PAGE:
Parked in the handy small parking area provided, I assume, for walkers and headed north along the Beacons Way. The first 30 yards or so are very steep but then the ground levels of a bit and it is a long, slow walk up hill - at least it is if you are mainly carrying a two year old! After 30 minutes you reach the top of the hill and the cairn in right next to the path - can't miss it. The cairn is quite large and has a pile of 'modern' stones placed on top of it. Next to this is a hollow in the cairn where I assume it has been dug into in the past. There isn't a great deal to see but the views are spectacular, making the long hot walk (just about!) worthwhile. I will be happy when Dafydd is a bit older and I don't have to carry him so much!!!
Visited 10.4.2010, on a gloriously sunny spring day. The site is within a short but steep walk of Bwlch (served by the Abergavenny-Brecon-Cardiff bus service) along the Beacons Way footpath. I wish I'd had a look at Coflein before coming, as there are a huge number of monuments here on the slopes of Cefn Moel, many not marked on the OS 1:25000 map. A repeat visit is clearly required.
From the south-west, the first cairn encountered is Bwlch Cairn, easily visible because of the small modern cairn that has been added to its top. The original cairn is much bigger in diameter and has been dug into at some point. From here views start to open out over Pen Allt-mawr to the east and the central Beacons to the south-west.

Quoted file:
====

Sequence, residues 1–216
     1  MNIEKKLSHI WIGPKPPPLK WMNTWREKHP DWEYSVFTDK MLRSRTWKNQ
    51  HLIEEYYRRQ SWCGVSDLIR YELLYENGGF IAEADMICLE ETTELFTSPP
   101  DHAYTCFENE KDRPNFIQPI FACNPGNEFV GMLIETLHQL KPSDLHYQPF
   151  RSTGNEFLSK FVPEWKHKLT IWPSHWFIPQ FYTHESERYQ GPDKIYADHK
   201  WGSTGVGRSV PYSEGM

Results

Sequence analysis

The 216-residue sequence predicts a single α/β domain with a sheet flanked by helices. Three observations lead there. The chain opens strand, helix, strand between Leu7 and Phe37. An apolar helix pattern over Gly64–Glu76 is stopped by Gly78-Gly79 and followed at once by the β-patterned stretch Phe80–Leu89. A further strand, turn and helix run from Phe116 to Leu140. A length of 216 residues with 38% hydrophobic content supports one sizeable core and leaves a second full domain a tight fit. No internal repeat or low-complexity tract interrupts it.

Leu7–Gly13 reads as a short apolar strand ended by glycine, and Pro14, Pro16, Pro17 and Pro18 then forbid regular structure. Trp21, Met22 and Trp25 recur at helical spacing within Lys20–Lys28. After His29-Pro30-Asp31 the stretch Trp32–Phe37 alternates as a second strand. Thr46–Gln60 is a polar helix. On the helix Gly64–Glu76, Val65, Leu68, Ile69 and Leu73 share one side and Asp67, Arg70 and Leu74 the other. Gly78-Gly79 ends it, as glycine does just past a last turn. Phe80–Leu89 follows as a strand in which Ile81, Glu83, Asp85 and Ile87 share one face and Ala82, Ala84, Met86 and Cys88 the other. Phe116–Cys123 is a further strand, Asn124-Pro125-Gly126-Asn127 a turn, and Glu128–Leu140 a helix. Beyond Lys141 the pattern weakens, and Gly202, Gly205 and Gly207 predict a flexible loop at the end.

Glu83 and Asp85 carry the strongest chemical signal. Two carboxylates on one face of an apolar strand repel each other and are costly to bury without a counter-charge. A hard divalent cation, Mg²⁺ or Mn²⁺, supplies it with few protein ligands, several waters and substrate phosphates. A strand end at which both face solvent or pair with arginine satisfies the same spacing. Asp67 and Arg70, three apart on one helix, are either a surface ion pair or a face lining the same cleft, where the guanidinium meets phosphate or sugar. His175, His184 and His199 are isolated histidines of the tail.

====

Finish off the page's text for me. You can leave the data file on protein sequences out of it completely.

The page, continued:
The path continues on across easy grassy terrain. To the east there is a whole complex of unmarked monuments, which sadly I knew nothing about! The next cairn encountered on the route I took was Ffynnon-las round cairn I, which is grass-covered and fairly low. Again there are excellent views of Pen Allt-mawr - Coflein indicates that there may still be intact burials to discover in this one (speculatively of course).
The next cairn Pen-yr-Heol Las lies to the west of the path, on the other side of a drystone wall - it is on access land but I didn't go over to investigate further as I had other places to get to.
As the path continues in a northerly direction, still gaining height as it approaches the 380m mark the largest cairn of all comes into view, Cefn Moel round cairn. This is a huge thing, 14m across on its largest axis. It is an irregular oval shape and has been greatly disturbed. Coflein mentions a "stone setting" on the SE, but as I hadn't read about this before going I didn't give it the attention it deserved.
Crossing the grassy summit of Cefn Moel, the path descends to the most northerly part of the cemetery complex, a group of round cairns known as Blaen-y-Cwm Uchaf. They sit on saddle between Cefn Moel and the higher Mynydd Llangorse (the summit of which is out of sight), with views along the shallow cwm to the south-west. The southern cairn has been much disturbed but again these are massive cairns, all 10m + in diameter.
There is clearly much more going on here than my passing visit allowed me to see and a return is definitely required, not least to check out the further monuments on the eastern part of Cefn Moel. But unlike these ancient structures, my time is fleeting and I was off to Mynydd Troed.